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Editorial

Don’t Grumble, Give A Whistle

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Gamers are a demanding bunch. We want a full game experience (but not too long); we want adult storytelling and grown-up content; we want aliens, guns, and explosions. And when do we want it? Now.

The recent news that Deus Ex: Mankind Divided has been delayed from February 2016 to August 2016 was disappointing, in that I’m sure we all want to get our hands on the title after the great experiences that the first game provided, but it’s also gratifying, in that Eidos Montreal and Square Enix have faith in their customers to be able to discern something good from something great, and feel that delaying their game for six months could potentially turn one into the other.

It’s natural to feel disappointed about not getting something you want for another few months than you thought (or, in the case of very, very extended delays as in Team Fortress 2, The Last Guardian, Half-Life 3, or Duke Nukem Forever, years after), but our first reaction should not be to lash out at people who are not only making something you like, but are also wholly undeserving of you bashing them just for them trying to make something better.

A common theme on some of the more… well, childish parts of the Internet is that game developers owe you something, and they owe it to you on your schedule. This is obviously not the case. If a developer feels that they need more time to get project X into as good a shape as they think it can be, and their publisher agrees, then that’s something we should be applauding. We’ve seen the very real results that can occur when a developer tries to rush a project, and are either unwilling or unable to delay it to get it into a form worthy of release. The recent meltdown of Batman: Arkham Knight on the PC in particular is a abject lesson in this, and the irony is that Arkham Knight was itself delayed from October 2014 to June 2015. It seems that Rocksteady and WB quite severely underestimated the amount of work that the PC version in particular required, given what happened subsequently.

This is why your mother told you to eat all your vegetables

And let’s not forget: whilst a project is in development and not offered for sale, they are receiving precisely $0 in revenue from the game’s sales. Many developers may feel that whilst they actually need more time to make a title the best it can be, their financial situation may not allow this to happen. Many games come out with severe issues at launch that a developer is aware of but cannot fix with the resources available to them. They ship a broken product with the intention of patching out the issues down the line. Even bigger game publishers do things like this. A game like Assassin’s Creed: Unity comes to mind as a game that had quite extreme problems at launch that necessitated multiple patches post-release to get into something that resembled a playable state. So don’t just think it’s the indies that do this; the big players very much are part of the problem just as much as smaller developers. Many people playing the recent PC release of Mortal Kombat X couldn’t even get past the launch screen of the game; when it comes to “broken”, that’s about as clear an example as you can get.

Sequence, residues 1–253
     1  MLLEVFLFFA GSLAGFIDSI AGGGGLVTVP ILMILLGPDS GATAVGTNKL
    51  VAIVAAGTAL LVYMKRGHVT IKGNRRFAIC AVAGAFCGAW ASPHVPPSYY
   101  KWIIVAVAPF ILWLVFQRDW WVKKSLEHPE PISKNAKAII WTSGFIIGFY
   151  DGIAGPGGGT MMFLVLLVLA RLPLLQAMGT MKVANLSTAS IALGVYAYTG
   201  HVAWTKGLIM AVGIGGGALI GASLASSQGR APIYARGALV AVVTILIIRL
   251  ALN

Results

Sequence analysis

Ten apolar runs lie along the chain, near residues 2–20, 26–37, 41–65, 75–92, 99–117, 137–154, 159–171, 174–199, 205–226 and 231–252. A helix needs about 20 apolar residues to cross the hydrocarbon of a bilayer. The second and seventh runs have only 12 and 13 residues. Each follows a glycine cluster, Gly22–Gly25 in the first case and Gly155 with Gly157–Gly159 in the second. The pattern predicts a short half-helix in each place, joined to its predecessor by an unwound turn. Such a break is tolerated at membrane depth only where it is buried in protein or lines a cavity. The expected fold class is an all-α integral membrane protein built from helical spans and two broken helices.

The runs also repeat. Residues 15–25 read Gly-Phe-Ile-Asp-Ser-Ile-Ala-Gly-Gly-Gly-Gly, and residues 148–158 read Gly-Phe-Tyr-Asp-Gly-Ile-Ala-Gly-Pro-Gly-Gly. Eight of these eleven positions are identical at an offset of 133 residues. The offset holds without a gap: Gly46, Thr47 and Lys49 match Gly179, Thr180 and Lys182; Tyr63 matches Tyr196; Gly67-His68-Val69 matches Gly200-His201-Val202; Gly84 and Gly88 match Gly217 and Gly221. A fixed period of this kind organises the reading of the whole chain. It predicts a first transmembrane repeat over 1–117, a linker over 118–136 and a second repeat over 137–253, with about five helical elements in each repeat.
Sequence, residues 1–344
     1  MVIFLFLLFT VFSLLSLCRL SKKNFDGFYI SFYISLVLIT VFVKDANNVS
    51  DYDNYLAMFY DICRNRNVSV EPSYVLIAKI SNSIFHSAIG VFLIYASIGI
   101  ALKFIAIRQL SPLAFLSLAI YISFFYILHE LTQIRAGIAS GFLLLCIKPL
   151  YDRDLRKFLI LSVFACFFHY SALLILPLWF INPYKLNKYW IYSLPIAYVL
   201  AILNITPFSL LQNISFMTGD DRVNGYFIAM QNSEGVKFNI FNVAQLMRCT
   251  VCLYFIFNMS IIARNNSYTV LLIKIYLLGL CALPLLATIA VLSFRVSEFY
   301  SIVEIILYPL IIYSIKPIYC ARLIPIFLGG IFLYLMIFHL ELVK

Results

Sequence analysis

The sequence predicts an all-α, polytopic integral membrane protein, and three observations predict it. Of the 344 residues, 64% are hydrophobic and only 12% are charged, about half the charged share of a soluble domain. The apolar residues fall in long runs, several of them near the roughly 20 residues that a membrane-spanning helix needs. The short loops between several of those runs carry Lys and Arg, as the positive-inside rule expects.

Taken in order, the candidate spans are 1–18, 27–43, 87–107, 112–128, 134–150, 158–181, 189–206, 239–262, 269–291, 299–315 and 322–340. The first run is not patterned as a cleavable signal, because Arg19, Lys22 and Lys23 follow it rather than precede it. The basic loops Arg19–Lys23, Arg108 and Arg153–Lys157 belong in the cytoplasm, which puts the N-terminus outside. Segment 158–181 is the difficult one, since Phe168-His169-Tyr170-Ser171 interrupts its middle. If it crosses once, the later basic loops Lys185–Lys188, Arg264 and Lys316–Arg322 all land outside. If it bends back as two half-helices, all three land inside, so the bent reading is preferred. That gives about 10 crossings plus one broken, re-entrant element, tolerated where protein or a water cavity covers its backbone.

So the next time you read something has been pushed back (please don’t delay Dishonored 2 or The Divisionplease), spare a thought for the group of people who have considered their options and decided that this is the best thing – for them and for you. They don’t want their name to be associated with a sub-par product, and they don’t want you to buy something that they consider to be anything less than their best work. Maybe they’ll be right (BioShock Infinite), maybe they’ll be wrong (Arkham Knight – and really really wrong at that) but they’re going into it with the best of intentions. We owe it to them to wait and see what the finished product looks like before readying our pitchforks.

I write about PC games and sometimes it even makes sense. I'm a refined Englishman, but live in Texas with my two young children whom I am training in the ways of the Force.

Editorial

Three Single-Player Games to Watch Out for in May 2019

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May